Various embodiments of methods and apparatus for remapping Internet Protocol (IP) addresses typically mapped to endpoints within a network environment (e.g., a local network or data center) to endpoints within a different network environment (e.g., a different local network or data center) are described. Embodiments of the methods and apparatus for remapping IP addresses of a network to endpoints within a different network may, for example, enable customers of a provider network that provides resources and public IP addresses for accessing those resource to obtain IP addresses provided by the network and to remap the IP addresses to endpoints on the customer's own, external network, referred to herein as a customer network. The network that provides the resources and public IP addresses (referred to herein as a provider network) recognizes packets received on the network that are addressed to a remapped IP address, translates the source and/or destination addresses, and routes the packets to the endpoint on the customer network rather than to a resource on the provider network. Similarly, the provider network may appropriately translate and route response traffic from an endpoint on a customer network to the correct destination (e.g., a client device). Embodiments may, for example, be implemented in the context of a virtualized service provider that provides virtualized computing resources on a virtualized service provider network to one or more customers via an intermediate network, for example a shared network or a public network such as the Internet.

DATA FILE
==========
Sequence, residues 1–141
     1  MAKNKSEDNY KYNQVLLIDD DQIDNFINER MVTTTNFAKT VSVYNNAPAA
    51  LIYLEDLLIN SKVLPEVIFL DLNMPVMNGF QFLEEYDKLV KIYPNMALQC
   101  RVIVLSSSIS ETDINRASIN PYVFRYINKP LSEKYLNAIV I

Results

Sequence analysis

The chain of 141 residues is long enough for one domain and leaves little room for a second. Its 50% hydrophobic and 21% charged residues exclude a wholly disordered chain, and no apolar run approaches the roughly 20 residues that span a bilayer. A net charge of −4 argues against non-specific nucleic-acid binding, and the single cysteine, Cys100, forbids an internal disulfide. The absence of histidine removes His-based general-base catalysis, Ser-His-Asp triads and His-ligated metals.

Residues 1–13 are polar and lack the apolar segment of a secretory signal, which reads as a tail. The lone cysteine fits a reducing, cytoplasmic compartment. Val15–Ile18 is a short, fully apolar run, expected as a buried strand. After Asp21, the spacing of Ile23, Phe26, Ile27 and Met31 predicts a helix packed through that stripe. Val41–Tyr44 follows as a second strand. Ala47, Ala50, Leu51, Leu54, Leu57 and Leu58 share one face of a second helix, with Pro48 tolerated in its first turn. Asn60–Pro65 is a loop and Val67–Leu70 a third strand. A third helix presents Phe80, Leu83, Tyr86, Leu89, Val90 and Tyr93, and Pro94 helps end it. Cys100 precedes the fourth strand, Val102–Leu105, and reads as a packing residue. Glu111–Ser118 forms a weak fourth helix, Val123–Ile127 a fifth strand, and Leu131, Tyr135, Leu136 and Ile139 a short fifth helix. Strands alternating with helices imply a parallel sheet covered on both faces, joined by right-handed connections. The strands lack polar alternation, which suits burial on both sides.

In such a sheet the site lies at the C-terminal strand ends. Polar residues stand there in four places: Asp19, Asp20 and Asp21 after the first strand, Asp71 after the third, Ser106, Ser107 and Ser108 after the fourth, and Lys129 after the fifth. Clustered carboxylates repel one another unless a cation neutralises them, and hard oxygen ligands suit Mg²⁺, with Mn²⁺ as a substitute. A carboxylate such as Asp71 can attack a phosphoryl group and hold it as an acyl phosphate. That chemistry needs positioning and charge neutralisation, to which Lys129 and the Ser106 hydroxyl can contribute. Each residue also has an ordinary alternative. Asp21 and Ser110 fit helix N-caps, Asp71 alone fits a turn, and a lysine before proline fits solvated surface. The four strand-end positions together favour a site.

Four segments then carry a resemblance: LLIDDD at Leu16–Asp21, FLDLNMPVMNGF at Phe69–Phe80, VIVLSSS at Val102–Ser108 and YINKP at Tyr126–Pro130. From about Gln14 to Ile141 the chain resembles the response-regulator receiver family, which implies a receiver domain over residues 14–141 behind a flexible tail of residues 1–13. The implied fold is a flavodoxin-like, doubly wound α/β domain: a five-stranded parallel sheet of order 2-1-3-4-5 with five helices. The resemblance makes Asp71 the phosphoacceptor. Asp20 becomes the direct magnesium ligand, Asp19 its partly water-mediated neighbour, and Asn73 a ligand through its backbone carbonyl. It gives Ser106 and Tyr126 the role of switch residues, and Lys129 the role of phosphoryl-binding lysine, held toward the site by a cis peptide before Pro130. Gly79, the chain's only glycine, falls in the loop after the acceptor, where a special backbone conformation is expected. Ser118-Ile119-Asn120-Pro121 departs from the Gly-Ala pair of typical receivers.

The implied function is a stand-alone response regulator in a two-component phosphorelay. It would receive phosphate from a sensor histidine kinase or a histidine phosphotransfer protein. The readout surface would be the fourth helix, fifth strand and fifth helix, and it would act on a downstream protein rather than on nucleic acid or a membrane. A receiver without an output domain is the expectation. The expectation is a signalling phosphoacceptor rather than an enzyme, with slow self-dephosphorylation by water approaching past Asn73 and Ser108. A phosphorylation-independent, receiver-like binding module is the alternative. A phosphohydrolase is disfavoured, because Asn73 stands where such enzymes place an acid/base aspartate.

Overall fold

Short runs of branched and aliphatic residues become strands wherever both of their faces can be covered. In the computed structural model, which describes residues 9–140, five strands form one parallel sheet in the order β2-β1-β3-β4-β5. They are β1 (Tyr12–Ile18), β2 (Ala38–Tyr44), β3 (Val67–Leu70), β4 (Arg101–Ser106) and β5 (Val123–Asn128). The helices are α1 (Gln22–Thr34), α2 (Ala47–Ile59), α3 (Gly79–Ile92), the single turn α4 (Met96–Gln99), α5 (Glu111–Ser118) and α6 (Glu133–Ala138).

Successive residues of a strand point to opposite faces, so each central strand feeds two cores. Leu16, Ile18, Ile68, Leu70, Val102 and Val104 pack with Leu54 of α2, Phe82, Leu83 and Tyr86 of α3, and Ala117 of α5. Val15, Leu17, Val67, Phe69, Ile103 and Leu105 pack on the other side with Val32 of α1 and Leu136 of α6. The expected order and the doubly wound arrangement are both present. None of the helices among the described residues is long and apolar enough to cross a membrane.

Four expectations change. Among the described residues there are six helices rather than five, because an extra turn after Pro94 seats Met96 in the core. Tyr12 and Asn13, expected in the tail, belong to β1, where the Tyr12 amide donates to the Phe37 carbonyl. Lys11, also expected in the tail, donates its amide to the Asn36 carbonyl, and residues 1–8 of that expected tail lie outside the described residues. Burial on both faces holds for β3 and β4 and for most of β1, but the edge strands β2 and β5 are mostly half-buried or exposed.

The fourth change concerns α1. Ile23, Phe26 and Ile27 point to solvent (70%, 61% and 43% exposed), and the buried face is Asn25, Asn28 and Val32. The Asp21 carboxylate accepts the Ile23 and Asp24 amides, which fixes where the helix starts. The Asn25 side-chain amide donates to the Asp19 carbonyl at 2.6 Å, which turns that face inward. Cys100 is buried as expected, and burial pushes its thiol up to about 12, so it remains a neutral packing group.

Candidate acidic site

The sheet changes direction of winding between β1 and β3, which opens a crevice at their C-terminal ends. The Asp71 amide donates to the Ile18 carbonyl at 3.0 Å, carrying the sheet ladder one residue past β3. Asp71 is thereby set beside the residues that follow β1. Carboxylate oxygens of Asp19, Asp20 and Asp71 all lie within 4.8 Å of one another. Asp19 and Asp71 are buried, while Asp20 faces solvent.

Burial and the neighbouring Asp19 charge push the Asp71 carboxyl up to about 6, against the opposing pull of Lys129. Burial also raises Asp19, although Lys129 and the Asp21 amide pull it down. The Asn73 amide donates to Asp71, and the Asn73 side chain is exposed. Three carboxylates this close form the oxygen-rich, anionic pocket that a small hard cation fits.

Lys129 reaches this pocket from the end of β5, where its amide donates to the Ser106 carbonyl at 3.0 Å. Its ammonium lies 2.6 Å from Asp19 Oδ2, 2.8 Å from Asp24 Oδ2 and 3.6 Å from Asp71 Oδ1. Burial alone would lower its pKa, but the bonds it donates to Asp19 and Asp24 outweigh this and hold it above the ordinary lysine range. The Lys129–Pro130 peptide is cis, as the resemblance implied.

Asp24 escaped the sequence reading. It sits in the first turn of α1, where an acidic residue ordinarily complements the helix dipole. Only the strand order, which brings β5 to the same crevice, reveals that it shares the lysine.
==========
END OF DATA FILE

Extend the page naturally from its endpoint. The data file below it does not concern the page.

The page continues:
In this document, a public network may be broadly defined as a network that provides open access to and interconnectivity between a plurality of entities. As noted, the Internet, or World Wide Web (WWW) is an example of a public network. A shared network may be broadly defined as a network to which access is limited to two or more entities, in contrast to a public network to which access is not generally limited. A shared network may, for example, include one or more local area networks (LANs) and/or data center networks, or two or more LANs or data center networks that are interconnected to form a wide area network (WAN). Examples of shared networks may include, but are not limited to, corporate networks and other enterprise networks. A shared network may be anywhere in scope from a network that covers a local area to a global network. Note that a shared network may share at least some network infrastructure with a public network, and that a shared network may be coupled to one or more other networks, which may include a public network, with controlled access between the other network(s) and the shared network. A shared network may also be viewed as a private network, in contrast to a public network such as the Internet. In embodiments, either a shared network or a public network may serve as an intermediate network between a provider network and a customer network.